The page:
Hong Kong simmers. For a third consecutive week, protests calling for the permanent withdrawal of a controversial extradition bill turned violent. Despite Hong Kong authorities banning marches in the city over the weekend, thousands of protesters demonstrated on Saturday and Sunday. Riot police fired rubber bullets and tear gas at the protesters, and roughly 60 people were arrested after clashes with police. At a press conference today, spokespersons for the Hong Kong and Macau Affairs Office of China’s State Council voiced support for embattled Hong Kong leader Carrie Lam and scolded foreign countries’ “irresponsible remarks” on the situation in the city. Hours after the press conference, the People’s Daily was slightly more forthright, urging the Hong Kong Special Administrative Region’s government and police force to take “all necessary steps” to restore rule of law in Hong Kong. Thus far, though, the Chinese government’s comments on the situation have stopped there, and Beijing is watching and waiting, for now.

The Gulf bubbles. Diplomats from the signatory states of the Iran nuclear deal (with the exception of the United States) met over the weekend and agreed to salvage the deal. Based on the statements after the meeting, it seems very much like that was the only resolution to come from the photo opportunity. Meanwhile, an Iranian government spokesperson denounced a British proposal to lead a European naval escort mission as “hostile.” Britain deployed a second warship to the Gulf and is sending additional military personnel to Bahrain, but has rejected the suggestion that it was willing to engage in a tanker swap to secure the release of the Stena Impero, which is still being held by Iran. According to South Korea’s Maeil Business Newspaper, Seoul is planning to send its anti-piracy naval task force that’s operating off the coast of Somalia to the Persian Gulf to join a U.S.-led maritime force to protect freedom of navigation in the region.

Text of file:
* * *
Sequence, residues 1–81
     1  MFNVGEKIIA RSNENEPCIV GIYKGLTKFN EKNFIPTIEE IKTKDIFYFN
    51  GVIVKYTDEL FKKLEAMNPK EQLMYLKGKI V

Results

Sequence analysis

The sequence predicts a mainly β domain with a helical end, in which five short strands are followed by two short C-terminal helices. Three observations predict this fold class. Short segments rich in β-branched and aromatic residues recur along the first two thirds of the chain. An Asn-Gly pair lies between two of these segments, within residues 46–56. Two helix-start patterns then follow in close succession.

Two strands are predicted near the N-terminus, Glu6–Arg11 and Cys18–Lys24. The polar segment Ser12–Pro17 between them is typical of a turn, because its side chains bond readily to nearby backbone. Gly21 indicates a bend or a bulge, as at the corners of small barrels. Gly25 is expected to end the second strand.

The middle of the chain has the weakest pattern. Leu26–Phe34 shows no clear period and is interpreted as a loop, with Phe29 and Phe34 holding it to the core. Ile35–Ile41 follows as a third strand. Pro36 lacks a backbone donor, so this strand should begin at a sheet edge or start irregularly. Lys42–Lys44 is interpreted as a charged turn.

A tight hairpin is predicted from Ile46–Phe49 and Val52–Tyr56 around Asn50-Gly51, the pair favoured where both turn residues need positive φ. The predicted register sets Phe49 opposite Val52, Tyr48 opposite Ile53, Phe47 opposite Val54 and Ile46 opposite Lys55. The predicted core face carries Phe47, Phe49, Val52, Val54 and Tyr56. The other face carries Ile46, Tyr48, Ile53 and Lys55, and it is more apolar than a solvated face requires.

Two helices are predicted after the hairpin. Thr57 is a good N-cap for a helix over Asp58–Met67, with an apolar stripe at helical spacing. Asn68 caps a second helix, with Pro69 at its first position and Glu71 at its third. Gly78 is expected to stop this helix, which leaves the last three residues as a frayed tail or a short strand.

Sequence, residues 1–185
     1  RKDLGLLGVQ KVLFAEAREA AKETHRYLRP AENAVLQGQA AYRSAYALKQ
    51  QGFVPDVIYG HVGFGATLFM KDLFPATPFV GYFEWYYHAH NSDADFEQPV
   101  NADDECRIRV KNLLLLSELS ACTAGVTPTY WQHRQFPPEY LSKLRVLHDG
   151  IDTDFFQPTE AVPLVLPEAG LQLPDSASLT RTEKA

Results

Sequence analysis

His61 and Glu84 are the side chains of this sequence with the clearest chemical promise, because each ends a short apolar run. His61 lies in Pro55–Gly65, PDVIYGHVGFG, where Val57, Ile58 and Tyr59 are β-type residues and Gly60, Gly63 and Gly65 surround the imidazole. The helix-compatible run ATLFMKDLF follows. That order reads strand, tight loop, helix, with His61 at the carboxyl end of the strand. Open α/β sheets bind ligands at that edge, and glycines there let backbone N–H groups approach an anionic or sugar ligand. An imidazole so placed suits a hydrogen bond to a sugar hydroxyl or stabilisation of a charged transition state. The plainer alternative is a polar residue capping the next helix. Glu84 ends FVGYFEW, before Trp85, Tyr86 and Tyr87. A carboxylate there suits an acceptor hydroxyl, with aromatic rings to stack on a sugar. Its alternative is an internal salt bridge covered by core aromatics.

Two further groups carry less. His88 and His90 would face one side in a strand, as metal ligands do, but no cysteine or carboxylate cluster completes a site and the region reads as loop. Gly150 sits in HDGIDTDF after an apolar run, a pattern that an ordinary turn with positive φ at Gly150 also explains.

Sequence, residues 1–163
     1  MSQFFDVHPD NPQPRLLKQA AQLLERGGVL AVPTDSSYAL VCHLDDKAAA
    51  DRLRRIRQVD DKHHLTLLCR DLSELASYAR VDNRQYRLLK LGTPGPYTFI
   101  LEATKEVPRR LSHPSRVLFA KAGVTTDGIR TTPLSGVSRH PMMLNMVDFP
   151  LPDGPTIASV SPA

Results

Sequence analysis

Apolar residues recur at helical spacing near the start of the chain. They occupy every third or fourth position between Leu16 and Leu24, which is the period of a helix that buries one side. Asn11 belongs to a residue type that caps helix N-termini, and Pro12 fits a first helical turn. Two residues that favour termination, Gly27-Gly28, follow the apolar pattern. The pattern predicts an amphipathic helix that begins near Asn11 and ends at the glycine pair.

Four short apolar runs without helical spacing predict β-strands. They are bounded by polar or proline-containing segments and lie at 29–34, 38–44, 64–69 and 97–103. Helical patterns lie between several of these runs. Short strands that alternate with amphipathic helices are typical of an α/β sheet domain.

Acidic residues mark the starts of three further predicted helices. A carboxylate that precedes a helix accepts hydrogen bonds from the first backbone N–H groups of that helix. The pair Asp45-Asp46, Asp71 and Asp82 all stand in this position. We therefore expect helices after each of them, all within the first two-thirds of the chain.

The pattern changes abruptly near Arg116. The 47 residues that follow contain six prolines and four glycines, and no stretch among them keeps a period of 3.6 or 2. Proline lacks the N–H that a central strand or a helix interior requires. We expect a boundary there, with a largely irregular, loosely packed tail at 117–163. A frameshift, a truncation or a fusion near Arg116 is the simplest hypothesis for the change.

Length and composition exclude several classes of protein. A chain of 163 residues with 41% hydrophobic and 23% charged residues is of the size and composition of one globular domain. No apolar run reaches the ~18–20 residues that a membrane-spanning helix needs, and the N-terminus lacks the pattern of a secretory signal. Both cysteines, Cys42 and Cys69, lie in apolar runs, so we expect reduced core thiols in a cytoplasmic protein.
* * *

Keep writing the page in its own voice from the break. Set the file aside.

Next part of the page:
Japan and South Korea’s trade spat continues. There appears to be no end in sight to the Japan-South Korea trade dispute. South Korean cities are canceling exchange programs with Japan, and Korean Air announced it was suspending flights between Busan and Sapporo because of low ticket sales. A Nikkei poll found that 58 percent of Japanese respondents backed curbs on Japanese exports to South Korea – and Japan is due to decide later this week whether it will broaden the restrictions it announced earlier this month. The rare bit of good news is that Japan’s chief cabinet secretary said earlier today that Japan wants to maintain a bilateral accord on intelligence sharing with South Korea despite the fact that the two countries are in a “very difficult situation.” (South Korean officials indicated two weeks ago that the pact might come under review if the trade spat continued.) That this dispute shows no signs of abating even after North Korea’s missile tests and a Chinese-Russian incursion last week into Japanese and South Korean airspace (depending on whose territorial claim you recognize) indicates just how deep this seemingly minor trade spat runs.

Honorable Mentions

  • British Prime Minister Boris Johnson is visiting Scotland today and will continue on to Wales and Northern Ireland this week to “renew the ties that bind” the United Kingdom.
  • Cambodia’s prime minister said the country has spent $40 million on “tens of thousands” of Chinese weapons so far this year.
  • Australia ratified an agreement earlier today that establishes an official maritime boundary with East Timor.
  • Myanmar and India signed a memorandum of understanding on defense cooperation.
  • Israel and the U.S. said they successfully tested the Arrow missile defense system.
  • Chinese state media is focusing on how China has bought more U.S. soybeans and inquired on buying cotton, pork, sorghum and other agricultural products in recent weeks as the two sides get set for face-to-face trade talks in Shanghai tomorrow.